Dr. Mamphela Ramphele

Mamphela Ramphele

Mamphela Ramphele is a former anti apartheid activist, a medical doctor, an academic and a successful businesswoman. She is a former Vice-Chancellor at the University of Cape Town and a one-time Managing Director at the World Bank.

In February 2013, she announced the formation of a new political party, named Agang (Sotho for “Build”), intended to challenge the African National Congress.

Mamphela was born in Kranspoort, near Pietersburg (now Polokwane), in what is now Limpopo province. She completed her schooling at Setotolwane High School in 1966 and subsequently enrolled for pre-medical courses at the University of the North. Her mother, Rangoato Rahab, and her father, Pitsi Eliphaz Ramphele were primary school teachers. In 1944, her father was promoted as headmaster of Stephanus Hofmeyer School. Ramphele contracted severe whooping cough at the age of three months. The wife of the local reverend, Dominee Lukas van der Merwe, gave her mother medical advice and bought medicines for the sick child that saved her life.

Her political awakening came at a very young age. Her sister Mashadi was expelled from high school after she demonstrated against the celebrations of South Africa’s becoming a Republic in 1961. Ramphele also remembers her parents discussing the detention of her uncle under the 90-day detention clause.

She attended the G. H. Frantz Secondary School but in January 1962 she left for Bethesda Normal School, a boarding school which was part of the Bethesda teachers training college. In 1964, she moved to Setotolwane High School for her matriculation where she was one of only two girls in her class. On completion of her schooling in 1966, in 1967, Mamphela enrolled for pre-medical courses at the University of the North. In 1968, she was accepted into the University of Natal’s Medical School, then the only institution that allowed Black students to enrol without prior permission from the government. Her meagre financial resources meant that she was forced to borrow money to travel to the Natal Medical School (now the Nelson Rolihlahla Mandela Medical School

While at university she had became increasingly involved in student politics and anti-apartheid activism and was one of the founders of the Black Consciousness Movement (BCM), along with Steve Biko. As a member of the BCM, she was especially involved in organizing and working with community development programmes.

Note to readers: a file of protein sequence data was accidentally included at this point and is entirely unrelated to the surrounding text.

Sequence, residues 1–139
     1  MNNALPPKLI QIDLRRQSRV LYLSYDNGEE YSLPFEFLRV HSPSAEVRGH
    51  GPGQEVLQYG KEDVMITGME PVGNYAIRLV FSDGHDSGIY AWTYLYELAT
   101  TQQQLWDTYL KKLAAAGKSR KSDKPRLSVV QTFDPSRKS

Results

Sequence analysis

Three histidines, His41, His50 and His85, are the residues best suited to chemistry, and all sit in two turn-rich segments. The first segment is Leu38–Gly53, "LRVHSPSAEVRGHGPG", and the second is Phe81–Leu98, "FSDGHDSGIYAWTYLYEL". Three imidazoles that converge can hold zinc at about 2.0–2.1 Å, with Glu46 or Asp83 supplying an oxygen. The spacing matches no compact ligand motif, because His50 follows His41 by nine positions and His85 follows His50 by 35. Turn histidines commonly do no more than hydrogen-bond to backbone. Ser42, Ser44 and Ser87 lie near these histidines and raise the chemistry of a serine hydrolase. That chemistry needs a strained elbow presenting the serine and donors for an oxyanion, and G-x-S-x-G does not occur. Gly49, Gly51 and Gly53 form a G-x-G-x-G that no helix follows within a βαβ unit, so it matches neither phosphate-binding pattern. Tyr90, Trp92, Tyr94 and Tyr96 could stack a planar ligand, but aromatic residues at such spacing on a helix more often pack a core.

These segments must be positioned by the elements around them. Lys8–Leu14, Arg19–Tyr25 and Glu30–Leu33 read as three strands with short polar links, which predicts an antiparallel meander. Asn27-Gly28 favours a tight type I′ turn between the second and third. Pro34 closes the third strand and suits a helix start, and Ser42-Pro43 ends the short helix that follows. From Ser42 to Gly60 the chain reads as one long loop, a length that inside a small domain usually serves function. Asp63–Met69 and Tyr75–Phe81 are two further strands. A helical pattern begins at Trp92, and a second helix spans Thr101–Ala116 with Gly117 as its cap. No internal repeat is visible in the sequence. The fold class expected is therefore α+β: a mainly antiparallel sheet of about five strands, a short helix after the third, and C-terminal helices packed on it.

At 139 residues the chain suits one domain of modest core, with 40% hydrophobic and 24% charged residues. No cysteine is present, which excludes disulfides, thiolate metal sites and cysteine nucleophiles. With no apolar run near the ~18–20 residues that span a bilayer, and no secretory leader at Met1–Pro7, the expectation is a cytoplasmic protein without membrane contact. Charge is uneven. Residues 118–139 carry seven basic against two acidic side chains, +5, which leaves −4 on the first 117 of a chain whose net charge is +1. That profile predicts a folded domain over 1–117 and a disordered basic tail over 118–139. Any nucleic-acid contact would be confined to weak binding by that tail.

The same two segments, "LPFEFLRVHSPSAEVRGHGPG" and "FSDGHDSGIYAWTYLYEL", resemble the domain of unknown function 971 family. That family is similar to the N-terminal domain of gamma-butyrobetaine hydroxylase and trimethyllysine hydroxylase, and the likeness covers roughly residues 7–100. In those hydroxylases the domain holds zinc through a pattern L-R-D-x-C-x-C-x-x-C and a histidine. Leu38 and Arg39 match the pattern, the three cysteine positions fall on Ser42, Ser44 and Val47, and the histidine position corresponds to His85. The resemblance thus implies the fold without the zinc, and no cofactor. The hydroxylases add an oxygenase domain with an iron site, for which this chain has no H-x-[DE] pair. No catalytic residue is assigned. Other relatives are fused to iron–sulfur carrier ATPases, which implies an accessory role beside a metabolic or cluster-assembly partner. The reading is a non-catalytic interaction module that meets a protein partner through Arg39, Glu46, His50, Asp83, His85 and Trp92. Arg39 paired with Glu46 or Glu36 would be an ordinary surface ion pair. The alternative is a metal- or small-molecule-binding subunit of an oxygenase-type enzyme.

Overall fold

She and Biko had a long, passionate relationship and he and Mamphela had two children. The first, a girl, Lerato Biko, died of pneumonia at two months. Their son, Hlumelo Biko, was born in 1978, after Biko’s death.

Due to her political activities, she was internally banished by the apartheid government to the town of Tzaneen from 1977 to 1984. She worked with the South African Students Association (SASO), a breakaway from the National Union of South African Students (NUSAS) that operated on English speaking white campuses. NUSAS had Black and White students as members. SASO was formed in 1969, under the leadership of Steve Biko.

From 1970 onwards, Mamphela became increasingly drawn into political activism with Biko, Barney Pityana and other student activists at the Medical School. She was elected the Chairperson of the local SASO branch. Between managing a hectic schedule of political activism and her studies, Ramphele qualified as a doctor in 1972. She began her medical internship at Durban’s King Edward VIII Hospital and later transferred to Livingstone Hospital in Port Elizabeth.

In 1974, Mamphela was charged under the Suppression of Communism Act for being in possession of banned literature. In 1975, she founded the Zanempilo Community Health Centre in Zinyoka, a village outside King William’s Town. It was one of the first primary health care initiatives outside the public sector in South Africa. During this time, she was also the manager of the Eastern Cape branch of the Black Community Health Programme. She travelled extensively in the Eastern Cape organising people to be drawn into community projects. In addition to her medical duties, Ramphele also became the Director of the Black Community Programmes (BCP) in the Eastern Cape when Biko was banned. In August 1976, Ramphele was detained under section 10 of the Terrorism Act, one of the first persons to be detained under this newly promulgated law.